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Radical Iraqi Shiite cleric Moqtada al-Sadr on Saturday exhorted a boisterous crowd to resist the US "occupation" by
Radical Iraqi Shiite cleric calls on Iraqis to live in unity, stresses they will not be harmed by his forces.
By Hassan Abdul Zahra - NAJAF
all means, in his first speech since returning home to the holy city of Najaf.
"We still resist the occupier, by military resistance, and all the means of resistance," Sadr said in the shrine city, where he returned on Wednesday after about four years of self-imposed exile.
According to an AFP photographer, about 20,000 people turned out to hear Sadr speak, waving a forest of Iraqi flags and pictures of the cleric.
"Iraq passed through difficult circumstances, which made everyone cry, and did not satisfy anyone except our joint enemy -- America, Israel and Britain," Sadr said.
"So say after me: 'No, no to America!'" said Sadr, who left Iraq at the beginning of 2007, according to US and Iraqi officials, and had reportedly been pursuing religious studies in the Iranian holy city of Qom.
The crowd did so, but in voices the cleric deemed to be too muted.
Sadr asked: "Are you afraid of America? Say 'no, no to America! No, no to Israel!'"
The crowd roared back the same chant.
About 50,000 US troops remain in Iraq, but are required under a security accord between Baghdad and Washington to withdraw by the end of this year.
US forces in Iraq have mainly focused on training Iraqi forces, after combat operations in the country were officially declared over from September 1, 2010.
Despite the end of combat operations, American soldiers are allowed to return fire in self-defence and take part in joint operations if requested by their Iraqi counterparts, under the terms of the security pact.
"We listened to the speech, but heard nothing new," David Ranz, the spokesman for the US embassy in Baghdad, said of Sadr's speech.
He declined to comment further, and the US military in Iraq referred questions to the embassy.
While Sadr called for resistance against the US presence, he also stressed that Iraqis would not be harmed by his forces.
"Our hand will not touch any Iraqi... We only target the occupier, by all means of resistance. We are one people. We don't agree with some groups that carry out assassinations," Sadr said.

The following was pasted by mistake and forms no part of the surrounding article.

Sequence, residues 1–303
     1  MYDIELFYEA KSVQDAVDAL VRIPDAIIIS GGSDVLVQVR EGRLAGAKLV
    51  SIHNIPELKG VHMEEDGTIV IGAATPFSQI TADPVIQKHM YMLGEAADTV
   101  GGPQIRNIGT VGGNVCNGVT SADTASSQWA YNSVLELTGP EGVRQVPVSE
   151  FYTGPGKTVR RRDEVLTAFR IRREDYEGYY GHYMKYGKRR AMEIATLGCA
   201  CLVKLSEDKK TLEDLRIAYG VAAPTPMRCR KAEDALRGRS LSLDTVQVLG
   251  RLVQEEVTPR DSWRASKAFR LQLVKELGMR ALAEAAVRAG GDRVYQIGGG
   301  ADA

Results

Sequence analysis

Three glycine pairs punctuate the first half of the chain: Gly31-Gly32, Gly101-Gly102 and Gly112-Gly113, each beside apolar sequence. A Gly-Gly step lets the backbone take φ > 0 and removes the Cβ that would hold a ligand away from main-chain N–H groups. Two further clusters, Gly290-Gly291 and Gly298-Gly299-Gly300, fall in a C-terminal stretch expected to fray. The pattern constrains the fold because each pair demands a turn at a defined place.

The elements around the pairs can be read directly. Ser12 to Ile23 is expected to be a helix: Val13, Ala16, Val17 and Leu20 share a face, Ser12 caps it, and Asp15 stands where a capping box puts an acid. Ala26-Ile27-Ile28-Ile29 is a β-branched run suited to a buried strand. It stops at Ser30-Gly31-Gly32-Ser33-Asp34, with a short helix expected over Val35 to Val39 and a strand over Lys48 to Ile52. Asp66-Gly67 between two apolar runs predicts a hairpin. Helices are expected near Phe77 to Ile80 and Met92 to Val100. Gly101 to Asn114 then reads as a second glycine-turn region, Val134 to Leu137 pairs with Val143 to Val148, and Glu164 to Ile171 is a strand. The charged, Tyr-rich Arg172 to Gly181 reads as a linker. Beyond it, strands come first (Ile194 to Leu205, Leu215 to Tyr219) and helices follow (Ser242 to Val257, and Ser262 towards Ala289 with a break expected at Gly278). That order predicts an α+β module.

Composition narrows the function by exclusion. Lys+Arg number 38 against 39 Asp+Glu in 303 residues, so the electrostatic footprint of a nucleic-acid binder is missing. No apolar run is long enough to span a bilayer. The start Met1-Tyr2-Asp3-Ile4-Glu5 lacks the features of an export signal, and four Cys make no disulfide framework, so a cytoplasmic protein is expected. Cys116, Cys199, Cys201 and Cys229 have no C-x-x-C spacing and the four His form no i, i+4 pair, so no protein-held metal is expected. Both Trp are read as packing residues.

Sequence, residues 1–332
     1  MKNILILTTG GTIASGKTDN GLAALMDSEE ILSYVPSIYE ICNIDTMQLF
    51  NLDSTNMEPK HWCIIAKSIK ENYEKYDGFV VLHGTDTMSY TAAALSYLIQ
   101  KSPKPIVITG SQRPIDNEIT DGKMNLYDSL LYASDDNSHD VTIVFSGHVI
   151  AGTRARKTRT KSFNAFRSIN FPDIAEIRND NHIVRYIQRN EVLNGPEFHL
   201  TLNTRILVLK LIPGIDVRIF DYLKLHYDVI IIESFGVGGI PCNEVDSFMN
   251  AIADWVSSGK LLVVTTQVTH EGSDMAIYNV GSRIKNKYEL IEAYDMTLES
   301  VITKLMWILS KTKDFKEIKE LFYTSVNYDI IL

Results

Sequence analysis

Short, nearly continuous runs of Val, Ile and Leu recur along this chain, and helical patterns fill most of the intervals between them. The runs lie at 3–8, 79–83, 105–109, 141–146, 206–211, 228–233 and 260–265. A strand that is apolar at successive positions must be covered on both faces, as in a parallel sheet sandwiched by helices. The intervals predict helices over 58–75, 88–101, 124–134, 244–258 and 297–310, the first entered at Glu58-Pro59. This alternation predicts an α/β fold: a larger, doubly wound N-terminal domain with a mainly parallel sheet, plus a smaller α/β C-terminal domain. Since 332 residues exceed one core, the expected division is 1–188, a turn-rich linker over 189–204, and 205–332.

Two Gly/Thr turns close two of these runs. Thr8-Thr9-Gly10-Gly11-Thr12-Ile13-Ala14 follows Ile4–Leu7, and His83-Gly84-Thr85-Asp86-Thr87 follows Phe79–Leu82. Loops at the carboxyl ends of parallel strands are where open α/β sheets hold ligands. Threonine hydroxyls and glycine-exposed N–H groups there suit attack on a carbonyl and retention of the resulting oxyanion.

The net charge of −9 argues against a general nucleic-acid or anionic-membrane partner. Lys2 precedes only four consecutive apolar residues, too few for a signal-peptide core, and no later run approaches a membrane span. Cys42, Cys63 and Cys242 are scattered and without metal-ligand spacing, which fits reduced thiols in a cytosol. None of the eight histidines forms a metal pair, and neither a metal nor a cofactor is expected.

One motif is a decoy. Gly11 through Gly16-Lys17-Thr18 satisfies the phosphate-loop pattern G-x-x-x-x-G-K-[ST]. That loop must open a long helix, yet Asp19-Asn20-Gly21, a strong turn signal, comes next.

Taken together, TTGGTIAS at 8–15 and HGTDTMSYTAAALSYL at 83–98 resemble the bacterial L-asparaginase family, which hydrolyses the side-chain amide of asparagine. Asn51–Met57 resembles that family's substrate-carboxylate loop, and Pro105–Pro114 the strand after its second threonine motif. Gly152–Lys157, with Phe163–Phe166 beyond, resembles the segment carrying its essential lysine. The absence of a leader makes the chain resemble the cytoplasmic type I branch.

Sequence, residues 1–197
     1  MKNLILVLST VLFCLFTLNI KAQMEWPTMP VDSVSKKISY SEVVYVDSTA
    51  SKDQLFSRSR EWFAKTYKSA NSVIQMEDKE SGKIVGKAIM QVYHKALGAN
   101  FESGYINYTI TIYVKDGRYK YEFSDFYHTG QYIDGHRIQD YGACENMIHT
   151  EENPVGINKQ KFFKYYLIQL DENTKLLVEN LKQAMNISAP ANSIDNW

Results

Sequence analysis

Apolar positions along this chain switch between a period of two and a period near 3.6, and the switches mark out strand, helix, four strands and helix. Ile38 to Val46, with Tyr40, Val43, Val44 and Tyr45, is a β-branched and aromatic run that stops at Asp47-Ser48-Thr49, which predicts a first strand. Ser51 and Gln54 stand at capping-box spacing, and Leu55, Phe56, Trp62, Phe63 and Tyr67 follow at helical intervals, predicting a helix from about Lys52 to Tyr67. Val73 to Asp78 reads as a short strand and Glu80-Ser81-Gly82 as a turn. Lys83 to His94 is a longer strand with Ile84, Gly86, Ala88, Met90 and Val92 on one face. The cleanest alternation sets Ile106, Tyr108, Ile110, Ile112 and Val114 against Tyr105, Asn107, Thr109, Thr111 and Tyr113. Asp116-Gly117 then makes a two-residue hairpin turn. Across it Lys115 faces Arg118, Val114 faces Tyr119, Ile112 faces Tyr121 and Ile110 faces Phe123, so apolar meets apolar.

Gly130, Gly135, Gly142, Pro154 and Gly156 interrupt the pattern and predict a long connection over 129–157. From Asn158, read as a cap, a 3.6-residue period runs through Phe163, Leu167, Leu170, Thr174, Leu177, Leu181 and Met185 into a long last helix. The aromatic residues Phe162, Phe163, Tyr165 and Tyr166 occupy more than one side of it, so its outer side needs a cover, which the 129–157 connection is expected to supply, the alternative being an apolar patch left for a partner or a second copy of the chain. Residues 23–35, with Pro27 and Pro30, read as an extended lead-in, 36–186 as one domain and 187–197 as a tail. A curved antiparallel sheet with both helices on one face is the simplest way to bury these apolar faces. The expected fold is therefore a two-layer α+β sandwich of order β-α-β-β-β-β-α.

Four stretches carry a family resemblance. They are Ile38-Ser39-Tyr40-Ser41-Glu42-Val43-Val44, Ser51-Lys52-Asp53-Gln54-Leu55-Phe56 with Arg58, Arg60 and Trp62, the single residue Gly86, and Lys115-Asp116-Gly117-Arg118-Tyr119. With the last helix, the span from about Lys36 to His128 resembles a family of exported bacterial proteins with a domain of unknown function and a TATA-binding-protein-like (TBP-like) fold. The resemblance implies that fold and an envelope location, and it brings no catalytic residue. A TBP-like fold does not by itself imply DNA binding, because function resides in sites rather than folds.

"For the unity of Iraq, say after me: 'Yes, yes for Iraq! Yes, yes, for peace! Yes, yes for harmony!'"
The crowd yelled back the cleric's words.
"If the conflicts took place among brothers, let us forget this page and turn it forever, and live united in peace and security," Sadr said in an apparent reference to sectarian violence in Iraq.
"We have to put an end to the suffering of the Iraqi people, by our unity," he said.
Sadr also said Iraq's new government, which was approved by parliament on December 21 and includes six ministers from his bloc, should be given a chance to perform, but must ensure that US forces withdraw.
"The government is new, so we should give it a chance to prove it is at the service of the people," he said.
But it also "must work to remove the occupier by any suitable means," Sadr added.
"We heard a promise from the government that it will remove the occupier from the country, and we are waiting for this promise" to be fulfilled.
The fiery, controversial Sadr gained widespread popularity among Shiites in the months after the 2003 US-led invasion, and his Mahdi Army militia later battled American and Iraqi government forces in several bloody confrontations.
Sadr was identified by the Pentagon in 2006 as the biggest threat to stability in Iraq.
His militia became the most active and feared armed Shiite group, and was blamed by Washington for death-squad killings of thousands of Sunnis.
But in August 2008, Sadr suspended the activities of the Mahdi Army, which once numbered in the tens of thousands, after major US and Iraqi assaults on its strongholds in Baghdad and southern Iraq in the spring.
Following the ceasefire, US military commanders said his action had been instrumental in helping to bring about a significant decrease in the levels of violence across Iraq.
Despite only rare appearances in public, the cleric is idolised by millions of Shiites, especially in Najaf where he has his headquarters and in the impoverished Baghdad neighbourhood of Sadr City, which is named after his father, a revered cleric who was killed by gunmen in 1999.